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The Lost SelfPathologies of the Brain and Identity$
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Todd E. Feinberg and Julian Paul Keenan

Print publication date: 2005

Print ISBN-13: 9780195173413

Published to Oxford Scholarship Online: January 2010

DOI: 10.1093/acprof:oso/9780195173413.001.0001

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The Self as a Problem in Philosophy and Neurobiology

The Self as a Problem in Philosophy and Neurobiology

Chapter:
(p.7) 2 The Self as a Problem in Philosophy and Neurobiology
Source:
The Lost Self
Author(s):

JOHN R. SEARLE

Publisher:
Oxford University Press
DOI:10.1093/acprof:oso/9780195173413.003.0002

This chapter considers what philosophers mean by the “self”. Traditionally, the problem of self in philosophy is generally viewed as the problem of personal identity. It identifies four criteria for deciding the question of personal identity: the identity of the body, the identity of the consciousness recorded in memory, the stability and continuity of personality, and the relative coherence of the spatio-temporal continuity of the physical body through change. It is argued that the human consciousness poses a particular problem for the understanding of the self. Considering self as a feature of a “unified conscious field” is the best approach to understanding its ontology.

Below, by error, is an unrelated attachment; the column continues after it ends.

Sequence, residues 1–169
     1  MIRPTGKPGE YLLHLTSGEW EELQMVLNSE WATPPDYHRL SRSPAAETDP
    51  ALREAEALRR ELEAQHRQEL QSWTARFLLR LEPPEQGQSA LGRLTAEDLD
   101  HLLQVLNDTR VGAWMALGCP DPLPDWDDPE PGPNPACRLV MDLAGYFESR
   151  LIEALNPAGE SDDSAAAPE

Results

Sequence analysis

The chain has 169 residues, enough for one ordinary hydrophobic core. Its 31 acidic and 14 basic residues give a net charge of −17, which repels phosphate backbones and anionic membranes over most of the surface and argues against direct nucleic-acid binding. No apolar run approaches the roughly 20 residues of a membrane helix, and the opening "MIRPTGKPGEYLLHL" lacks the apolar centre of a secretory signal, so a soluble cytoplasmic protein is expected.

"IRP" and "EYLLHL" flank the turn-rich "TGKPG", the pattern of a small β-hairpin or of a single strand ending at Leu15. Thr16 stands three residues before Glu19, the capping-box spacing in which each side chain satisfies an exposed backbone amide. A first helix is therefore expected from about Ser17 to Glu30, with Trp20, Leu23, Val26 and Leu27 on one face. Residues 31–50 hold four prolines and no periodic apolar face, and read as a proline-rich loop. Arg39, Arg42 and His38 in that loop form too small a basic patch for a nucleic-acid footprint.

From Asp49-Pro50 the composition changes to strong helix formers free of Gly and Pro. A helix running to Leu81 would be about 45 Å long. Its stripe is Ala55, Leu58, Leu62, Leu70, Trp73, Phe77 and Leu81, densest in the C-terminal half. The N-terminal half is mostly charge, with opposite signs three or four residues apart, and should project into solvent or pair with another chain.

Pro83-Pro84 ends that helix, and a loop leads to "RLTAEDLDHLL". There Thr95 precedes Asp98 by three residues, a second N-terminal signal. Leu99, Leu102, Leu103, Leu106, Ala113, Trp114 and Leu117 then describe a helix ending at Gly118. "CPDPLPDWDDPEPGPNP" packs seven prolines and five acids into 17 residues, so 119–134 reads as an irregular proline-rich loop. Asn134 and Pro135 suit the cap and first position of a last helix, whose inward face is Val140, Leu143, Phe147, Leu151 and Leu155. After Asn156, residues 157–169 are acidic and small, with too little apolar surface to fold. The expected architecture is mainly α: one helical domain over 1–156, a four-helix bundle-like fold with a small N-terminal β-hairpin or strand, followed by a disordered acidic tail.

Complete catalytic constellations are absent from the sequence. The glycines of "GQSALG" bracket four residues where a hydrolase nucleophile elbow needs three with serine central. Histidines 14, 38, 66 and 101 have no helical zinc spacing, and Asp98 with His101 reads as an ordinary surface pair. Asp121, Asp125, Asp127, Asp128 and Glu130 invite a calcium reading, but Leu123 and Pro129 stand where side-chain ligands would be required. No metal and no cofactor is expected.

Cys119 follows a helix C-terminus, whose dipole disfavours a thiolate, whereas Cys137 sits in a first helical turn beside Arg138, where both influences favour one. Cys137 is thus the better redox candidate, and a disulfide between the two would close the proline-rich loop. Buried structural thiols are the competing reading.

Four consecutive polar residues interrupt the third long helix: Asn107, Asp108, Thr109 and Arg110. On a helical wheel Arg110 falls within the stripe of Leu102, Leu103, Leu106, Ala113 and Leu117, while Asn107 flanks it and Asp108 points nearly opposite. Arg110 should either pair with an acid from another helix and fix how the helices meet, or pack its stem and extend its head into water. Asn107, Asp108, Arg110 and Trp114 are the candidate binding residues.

Keywords:   self, philosophy, personal identity, physical body, consciousness, personality, spatio-temporal continuity

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